Osborn said MLS stats at the end of November showed that, year over year, the number of Highlands and Cashiers single-family homes increased by 56.83%. Condo units increased by 42.74% and land units increased by 68.28%.  

“With housing inventory so low, consumers are now considering building, so land sales, which have essentially been stagnant in the past, are now up-ticking,” she said.

With properties selling for more than the 2019 appraised value, and bidding wars a reality in Highlands and Cashiers, the next question is, how will this affect house values and therefore taxes during the next revaluation cycle?

Macon County is on a 4-year revaluation cycle. The last revaluation was in 2019.  What that means is that every four years the tax office revaluates properties based on sales and brings the value of them to what is market value. North Carolina is a 100% Market Value state. The next revaluation will be in 2023.    

Braswell said properties will remain at the assessment set in 2019 unless a change is made to that property.  

“We track changes through the building permit office, and we look at sales to see how our value is different from the sales price to see if we are missing anything, or if we think we need to look at the property based on the value being different from what the sales price is,” she said. “We can’t change the 2019 assessment unless we find something different such as an addition or some physical change that we did not assess before, so we do not change the assessment based on the sales price – only some physical change that we missed.”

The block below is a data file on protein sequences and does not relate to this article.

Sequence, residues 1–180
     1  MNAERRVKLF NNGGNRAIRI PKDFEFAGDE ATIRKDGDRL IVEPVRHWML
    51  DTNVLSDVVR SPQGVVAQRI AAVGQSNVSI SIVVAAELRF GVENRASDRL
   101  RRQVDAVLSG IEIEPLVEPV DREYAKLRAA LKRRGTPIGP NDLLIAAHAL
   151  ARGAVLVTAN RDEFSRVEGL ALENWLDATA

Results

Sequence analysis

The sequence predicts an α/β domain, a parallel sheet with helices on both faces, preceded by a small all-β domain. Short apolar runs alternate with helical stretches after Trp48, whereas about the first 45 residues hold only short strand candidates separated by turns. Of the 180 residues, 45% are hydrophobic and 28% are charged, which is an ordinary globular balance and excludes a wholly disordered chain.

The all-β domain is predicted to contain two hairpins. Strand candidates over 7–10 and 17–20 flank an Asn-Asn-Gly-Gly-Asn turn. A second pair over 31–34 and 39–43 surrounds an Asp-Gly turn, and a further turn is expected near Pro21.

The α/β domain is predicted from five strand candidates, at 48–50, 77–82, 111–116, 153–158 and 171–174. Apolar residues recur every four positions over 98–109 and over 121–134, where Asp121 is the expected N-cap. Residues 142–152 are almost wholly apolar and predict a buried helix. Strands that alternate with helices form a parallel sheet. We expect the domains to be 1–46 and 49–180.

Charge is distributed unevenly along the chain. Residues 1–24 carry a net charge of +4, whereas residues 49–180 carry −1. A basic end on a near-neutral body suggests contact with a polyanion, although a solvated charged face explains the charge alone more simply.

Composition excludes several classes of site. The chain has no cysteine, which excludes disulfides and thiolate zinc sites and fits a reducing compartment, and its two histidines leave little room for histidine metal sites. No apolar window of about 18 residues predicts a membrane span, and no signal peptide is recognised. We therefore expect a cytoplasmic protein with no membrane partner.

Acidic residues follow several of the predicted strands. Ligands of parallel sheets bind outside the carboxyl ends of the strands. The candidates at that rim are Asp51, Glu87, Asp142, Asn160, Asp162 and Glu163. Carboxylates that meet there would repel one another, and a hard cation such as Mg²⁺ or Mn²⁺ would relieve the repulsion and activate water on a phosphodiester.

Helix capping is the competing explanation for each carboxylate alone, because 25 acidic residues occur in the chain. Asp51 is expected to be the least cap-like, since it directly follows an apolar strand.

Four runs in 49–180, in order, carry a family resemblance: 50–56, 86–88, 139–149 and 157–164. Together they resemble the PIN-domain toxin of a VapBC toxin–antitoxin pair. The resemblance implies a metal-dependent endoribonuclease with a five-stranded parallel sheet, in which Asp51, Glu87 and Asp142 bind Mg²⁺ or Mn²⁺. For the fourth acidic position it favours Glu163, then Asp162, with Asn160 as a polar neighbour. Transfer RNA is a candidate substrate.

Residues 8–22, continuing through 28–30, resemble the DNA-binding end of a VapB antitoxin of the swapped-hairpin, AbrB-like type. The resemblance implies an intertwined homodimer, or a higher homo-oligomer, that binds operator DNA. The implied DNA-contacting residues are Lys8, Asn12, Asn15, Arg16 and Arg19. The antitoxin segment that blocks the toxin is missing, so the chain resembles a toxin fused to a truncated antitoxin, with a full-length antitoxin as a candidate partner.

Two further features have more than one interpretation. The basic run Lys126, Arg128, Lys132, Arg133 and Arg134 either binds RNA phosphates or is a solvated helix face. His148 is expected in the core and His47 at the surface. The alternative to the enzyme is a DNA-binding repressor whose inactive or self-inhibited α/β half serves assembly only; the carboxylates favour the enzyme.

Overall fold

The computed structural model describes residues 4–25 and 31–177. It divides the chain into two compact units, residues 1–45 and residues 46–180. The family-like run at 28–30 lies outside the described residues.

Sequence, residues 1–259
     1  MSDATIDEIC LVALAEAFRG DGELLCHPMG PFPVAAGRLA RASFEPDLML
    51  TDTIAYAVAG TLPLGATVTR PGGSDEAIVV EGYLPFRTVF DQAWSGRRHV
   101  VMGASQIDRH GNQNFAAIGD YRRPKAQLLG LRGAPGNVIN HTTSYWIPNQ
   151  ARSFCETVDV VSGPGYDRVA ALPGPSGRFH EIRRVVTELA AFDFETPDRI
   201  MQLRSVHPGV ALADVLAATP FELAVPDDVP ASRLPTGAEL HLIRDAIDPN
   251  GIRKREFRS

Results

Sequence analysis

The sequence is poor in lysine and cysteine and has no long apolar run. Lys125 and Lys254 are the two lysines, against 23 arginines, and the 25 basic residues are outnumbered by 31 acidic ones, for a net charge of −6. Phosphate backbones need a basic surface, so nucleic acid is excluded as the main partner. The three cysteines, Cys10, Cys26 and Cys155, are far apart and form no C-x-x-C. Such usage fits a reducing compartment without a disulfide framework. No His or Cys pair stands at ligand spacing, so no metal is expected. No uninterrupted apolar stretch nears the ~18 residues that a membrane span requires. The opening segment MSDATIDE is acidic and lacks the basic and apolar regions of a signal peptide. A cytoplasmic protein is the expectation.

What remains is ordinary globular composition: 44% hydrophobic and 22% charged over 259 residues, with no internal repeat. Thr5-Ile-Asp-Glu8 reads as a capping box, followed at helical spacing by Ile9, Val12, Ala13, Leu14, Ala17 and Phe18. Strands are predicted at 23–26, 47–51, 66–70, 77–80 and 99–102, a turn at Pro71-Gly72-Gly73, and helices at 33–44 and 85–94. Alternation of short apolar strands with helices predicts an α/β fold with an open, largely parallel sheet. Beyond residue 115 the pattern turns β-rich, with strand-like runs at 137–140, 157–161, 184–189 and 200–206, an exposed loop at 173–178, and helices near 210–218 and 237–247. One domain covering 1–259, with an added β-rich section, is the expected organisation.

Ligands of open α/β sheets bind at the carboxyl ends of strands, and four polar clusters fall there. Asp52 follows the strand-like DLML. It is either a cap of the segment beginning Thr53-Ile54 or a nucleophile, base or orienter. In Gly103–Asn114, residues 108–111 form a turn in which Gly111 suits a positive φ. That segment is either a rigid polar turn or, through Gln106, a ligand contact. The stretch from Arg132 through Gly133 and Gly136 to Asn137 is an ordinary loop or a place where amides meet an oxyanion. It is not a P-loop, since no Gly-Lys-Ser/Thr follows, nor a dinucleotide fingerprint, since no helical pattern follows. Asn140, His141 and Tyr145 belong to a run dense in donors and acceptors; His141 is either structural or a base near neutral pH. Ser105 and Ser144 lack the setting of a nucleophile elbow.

However, sale prices will be looked at when the next revaluation is done 2023.    

The sales ratio indicates how the county’s assessment compares to what the market is doing, said Braswell.

“In 2019 our sales ratio was 100% after our revaluation.  At the beginning of 2020, our ratio dropped to 96.58% and now it is around 90%.  This means that the assessed values are 10% lower on average than what they are selling for,” she said. “In basic terms, the sales price is higher than tax value and that gap seems to continue to widen with sales prices continuing to rise while the tax assessment remain the same.”   

Permitting information is where the county gets information about what is being built or changed and altered in some way.  

County wide Braswell said there has been an increase in commercial permits of 30% from 2019. Single-family homes are the same as last year and there has been an increase in alterations or additions to existing structures of around 20%.